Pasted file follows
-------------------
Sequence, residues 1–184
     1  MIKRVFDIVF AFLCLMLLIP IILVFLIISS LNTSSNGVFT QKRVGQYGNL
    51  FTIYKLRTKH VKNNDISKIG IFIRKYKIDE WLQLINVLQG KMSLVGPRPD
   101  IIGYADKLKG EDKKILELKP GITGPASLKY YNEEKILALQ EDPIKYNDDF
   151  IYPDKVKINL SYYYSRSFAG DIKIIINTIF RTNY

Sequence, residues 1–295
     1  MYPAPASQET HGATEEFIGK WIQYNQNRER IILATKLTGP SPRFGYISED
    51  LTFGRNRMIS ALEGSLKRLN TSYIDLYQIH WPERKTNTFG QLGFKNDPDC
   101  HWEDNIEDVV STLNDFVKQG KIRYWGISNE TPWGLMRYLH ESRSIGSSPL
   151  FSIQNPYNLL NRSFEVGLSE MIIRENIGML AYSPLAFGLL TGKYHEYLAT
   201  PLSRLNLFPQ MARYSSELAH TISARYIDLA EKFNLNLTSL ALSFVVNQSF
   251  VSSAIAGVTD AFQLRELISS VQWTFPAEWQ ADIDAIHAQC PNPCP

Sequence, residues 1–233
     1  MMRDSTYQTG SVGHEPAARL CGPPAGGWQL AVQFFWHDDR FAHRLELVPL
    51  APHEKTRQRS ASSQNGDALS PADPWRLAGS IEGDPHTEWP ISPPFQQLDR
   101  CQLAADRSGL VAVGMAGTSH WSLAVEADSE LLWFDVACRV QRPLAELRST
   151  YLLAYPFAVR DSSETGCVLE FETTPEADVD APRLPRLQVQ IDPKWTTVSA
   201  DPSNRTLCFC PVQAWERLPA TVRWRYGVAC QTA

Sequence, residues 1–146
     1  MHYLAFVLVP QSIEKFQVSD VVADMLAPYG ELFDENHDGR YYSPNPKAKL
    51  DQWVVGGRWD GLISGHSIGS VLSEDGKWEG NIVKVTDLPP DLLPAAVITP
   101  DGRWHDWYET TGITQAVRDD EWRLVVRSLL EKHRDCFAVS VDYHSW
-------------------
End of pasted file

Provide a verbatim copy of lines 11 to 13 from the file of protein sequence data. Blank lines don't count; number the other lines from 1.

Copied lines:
   201  PLSRLNLFPQ MARYSSELAH TISARYIDLA EKFNLNLTSL ALSFVVNQSF
   251  VSSAIAGVTD AFQLRELISS VQWTFPAEWQ ADIDAIHAQC PNPCP

Sequence, residues 1–233